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Thongchai Jaidee & Kim Do-hoon lead with 64s

Thongchai Jaidee, forced out of last week’s U.S. Masters by an elbow injury, proved he was fighting fit again by powering into a share of the lead at the China Open on Thursday.

The former Royal Thai Army paratrooper landed on top of the first-round leaderboard alongside South Korean Kim Do-hoon after both fired eight-under 64s in chilly Suzhou.

Playing alongside Ryder Cup captains Colin Montgomerie (Europe) and Corey Pavin (U.S.) at the Jinji Lake Golf Club, Thongchai made his mark by sinking short putts for birdies at the par-four 16th and par-three 17th.

“If my health stays okay over the next few days I hope to get better and better,” the 40-year-old Thai told reporters.

“I hit a lot of fairways and greens and made a lot of putts today.”

Woolly hats were the order of the day on a cold and windy morning that must have felt more like Scotland than Suzhou to the early starters but China’s Liang Wenchong and Pablo Larrazabal of Spain set a hot pace.

Both players made seven birdies and a bogey to shoot 66s, a score matched later by Briton Jamie Donaldson.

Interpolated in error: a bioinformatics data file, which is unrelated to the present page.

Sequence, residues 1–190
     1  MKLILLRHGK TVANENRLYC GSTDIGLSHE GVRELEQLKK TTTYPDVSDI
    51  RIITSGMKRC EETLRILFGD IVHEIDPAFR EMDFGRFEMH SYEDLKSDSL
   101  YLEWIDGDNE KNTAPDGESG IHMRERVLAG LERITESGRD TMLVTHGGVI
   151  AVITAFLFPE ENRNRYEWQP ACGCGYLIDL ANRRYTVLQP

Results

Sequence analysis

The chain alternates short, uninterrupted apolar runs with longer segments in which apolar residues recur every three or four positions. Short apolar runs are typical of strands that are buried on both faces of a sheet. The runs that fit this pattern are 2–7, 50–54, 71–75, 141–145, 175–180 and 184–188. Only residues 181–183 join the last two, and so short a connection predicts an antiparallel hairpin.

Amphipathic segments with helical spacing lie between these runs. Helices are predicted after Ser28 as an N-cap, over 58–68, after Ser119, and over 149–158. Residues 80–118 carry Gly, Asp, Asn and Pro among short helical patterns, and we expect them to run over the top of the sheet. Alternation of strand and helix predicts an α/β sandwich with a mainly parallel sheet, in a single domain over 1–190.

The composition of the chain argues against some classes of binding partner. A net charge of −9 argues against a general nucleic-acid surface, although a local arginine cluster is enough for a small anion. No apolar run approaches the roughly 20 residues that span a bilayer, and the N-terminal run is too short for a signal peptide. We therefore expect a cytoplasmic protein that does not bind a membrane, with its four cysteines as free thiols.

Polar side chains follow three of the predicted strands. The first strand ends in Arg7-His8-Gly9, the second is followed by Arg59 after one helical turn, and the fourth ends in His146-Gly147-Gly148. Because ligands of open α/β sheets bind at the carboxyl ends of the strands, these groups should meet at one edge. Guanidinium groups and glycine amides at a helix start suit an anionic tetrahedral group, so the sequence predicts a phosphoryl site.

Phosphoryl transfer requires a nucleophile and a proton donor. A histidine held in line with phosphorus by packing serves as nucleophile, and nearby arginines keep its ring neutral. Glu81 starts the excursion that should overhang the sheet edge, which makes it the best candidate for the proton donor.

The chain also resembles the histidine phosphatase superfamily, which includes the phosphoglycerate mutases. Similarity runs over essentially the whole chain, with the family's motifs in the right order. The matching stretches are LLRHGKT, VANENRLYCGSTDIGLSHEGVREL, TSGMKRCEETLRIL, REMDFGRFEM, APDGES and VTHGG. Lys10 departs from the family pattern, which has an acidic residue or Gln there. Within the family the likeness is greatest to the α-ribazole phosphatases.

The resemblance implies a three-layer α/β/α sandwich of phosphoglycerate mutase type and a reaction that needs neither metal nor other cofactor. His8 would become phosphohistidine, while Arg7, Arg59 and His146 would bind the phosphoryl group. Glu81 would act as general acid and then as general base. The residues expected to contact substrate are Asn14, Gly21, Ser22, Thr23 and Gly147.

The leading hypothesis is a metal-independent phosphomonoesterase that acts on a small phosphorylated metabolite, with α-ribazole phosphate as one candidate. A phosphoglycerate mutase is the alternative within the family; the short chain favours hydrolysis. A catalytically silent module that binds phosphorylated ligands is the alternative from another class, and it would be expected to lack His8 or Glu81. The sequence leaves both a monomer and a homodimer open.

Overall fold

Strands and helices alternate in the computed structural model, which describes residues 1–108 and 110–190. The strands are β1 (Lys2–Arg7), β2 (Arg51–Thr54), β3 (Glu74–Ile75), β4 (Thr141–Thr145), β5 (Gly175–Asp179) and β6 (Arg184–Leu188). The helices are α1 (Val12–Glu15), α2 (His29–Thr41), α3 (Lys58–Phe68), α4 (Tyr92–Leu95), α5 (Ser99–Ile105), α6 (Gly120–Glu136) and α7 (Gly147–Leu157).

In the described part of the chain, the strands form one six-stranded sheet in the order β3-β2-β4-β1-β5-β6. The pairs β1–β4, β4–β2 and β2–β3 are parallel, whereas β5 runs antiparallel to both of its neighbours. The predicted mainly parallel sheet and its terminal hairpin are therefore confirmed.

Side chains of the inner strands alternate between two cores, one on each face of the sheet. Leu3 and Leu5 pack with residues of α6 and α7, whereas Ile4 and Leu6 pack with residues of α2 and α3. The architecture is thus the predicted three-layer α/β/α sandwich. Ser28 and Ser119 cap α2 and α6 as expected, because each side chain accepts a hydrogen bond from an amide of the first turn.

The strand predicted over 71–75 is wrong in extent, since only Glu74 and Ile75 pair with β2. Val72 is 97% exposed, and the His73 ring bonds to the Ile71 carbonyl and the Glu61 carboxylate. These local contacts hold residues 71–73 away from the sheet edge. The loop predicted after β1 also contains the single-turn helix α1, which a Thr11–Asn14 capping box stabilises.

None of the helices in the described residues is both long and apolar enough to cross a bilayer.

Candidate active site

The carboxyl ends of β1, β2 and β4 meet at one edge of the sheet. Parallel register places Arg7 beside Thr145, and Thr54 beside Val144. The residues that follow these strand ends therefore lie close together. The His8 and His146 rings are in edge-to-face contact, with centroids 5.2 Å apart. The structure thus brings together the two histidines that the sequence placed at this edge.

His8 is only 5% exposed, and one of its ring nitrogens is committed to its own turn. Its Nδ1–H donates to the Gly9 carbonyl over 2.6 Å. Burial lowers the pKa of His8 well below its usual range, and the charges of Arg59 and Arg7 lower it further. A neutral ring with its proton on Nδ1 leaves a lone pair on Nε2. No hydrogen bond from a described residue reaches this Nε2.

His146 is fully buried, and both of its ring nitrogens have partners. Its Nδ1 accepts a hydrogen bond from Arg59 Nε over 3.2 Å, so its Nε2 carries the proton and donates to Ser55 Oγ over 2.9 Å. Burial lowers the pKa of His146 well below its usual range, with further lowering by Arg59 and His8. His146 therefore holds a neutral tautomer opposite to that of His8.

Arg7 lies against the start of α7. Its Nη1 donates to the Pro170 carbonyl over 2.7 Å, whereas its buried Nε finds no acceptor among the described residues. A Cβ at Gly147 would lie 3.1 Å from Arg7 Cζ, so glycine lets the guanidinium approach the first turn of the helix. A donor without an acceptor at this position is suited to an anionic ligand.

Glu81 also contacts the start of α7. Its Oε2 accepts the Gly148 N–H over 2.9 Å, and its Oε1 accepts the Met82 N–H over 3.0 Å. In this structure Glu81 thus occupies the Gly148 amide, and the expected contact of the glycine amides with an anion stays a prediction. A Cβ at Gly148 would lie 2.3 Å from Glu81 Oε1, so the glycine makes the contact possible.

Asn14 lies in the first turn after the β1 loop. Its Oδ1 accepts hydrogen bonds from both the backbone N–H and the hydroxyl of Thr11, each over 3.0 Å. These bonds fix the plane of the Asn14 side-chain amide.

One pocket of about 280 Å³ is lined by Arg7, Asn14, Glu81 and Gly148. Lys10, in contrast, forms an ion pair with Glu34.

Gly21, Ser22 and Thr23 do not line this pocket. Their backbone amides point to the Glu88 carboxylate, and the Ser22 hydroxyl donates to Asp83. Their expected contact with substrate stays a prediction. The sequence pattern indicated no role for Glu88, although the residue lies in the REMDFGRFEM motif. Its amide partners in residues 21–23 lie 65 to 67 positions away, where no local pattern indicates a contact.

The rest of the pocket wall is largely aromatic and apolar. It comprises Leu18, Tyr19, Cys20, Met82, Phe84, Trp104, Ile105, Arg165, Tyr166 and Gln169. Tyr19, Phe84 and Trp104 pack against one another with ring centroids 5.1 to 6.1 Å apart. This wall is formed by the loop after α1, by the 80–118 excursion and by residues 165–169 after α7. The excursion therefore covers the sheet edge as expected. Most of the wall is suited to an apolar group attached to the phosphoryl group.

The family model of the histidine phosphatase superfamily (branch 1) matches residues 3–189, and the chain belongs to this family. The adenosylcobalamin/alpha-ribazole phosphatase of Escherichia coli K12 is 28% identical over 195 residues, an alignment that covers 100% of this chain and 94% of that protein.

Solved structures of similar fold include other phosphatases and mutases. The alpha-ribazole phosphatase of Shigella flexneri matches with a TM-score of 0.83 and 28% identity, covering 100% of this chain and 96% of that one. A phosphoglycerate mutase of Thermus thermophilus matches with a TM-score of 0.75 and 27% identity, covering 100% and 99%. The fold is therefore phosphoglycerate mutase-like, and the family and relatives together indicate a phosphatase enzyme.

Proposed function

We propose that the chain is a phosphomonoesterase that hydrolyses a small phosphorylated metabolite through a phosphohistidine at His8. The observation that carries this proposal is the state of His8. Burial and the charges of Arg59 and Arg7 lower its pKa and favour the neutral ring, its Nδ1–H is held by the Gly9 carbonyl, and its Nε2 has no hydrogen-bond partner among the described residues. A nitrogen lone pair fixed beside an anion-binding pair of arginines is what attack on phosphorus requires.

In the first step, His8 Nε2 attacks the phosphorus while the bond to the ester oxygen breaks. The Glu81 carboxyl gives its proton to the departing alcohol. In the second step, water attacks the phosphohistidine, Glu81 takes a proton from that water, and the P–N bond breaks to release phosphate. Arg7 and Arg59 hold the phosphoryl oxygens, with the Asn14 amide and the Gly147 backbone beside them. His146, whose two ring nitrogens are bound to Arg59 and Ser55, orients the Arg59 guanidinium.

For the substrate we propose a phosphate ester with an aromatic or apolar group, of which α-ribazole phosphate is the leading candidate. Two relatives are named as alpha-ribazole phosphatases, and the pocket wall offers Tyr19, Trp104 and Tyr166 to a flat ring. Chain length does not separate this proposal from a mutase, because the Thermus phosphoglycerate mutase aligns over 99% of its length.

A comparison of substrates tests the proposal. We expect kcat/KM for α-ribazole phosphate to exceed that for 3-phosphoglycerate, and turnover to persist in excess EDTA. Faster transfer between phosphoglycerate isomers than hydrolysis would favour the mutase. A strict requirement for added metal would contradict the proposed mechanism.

One stroke further adrift on 67 were Irish pair Damien McGrane, the 2008 winner, and Peter Lawrie, Hong Soon-sang of South Korea and American Pavin.

Thongchai, who had to pull out of the season’s first major at Augusta midway through the second round, said the weather in China hampered his preparations for the European Tour event.

“I was unable to practice on the course,” said the world number 48. “I only played two holes in the pro-am because the weather was terrible.

“Last week was very hard for me having to withdraw but I have had a few days rest and this week and next week (the Ballantine’s Championship in Korea) are very important for me.

“If I can do well I can stay in the top 50 and I can play in the Players Championship (in Florida) next month,” added Thongchai.

Kim made a late rush to the top of the leaderboard with birdies at his two closing holes—the eighth and ninth.

The Korean followed up victory on his home tour last week by reeling off eight birdies and an eagle in the first round.

“I played very well, it was my third 64 in three weeks,” said Kim.

World number 16 Henrik Stenson of Sweden and U.S. PGA champion Yang Yong-eun of South Korea carded 68s.

Chinese amateur Zhang Jin, 14, the youngest player to qualify for the $2.5 million event, opened with a creditable 73.

The teenager looked very much at home early on, playing a fine tee shot to 15 inches at the par-three sixth and reaching the ninth tee at two under. But he slipped back with bogeys at the ninth, 14th and 18th.

Montgomerie had to settle for a 72 despite carding six birdies.



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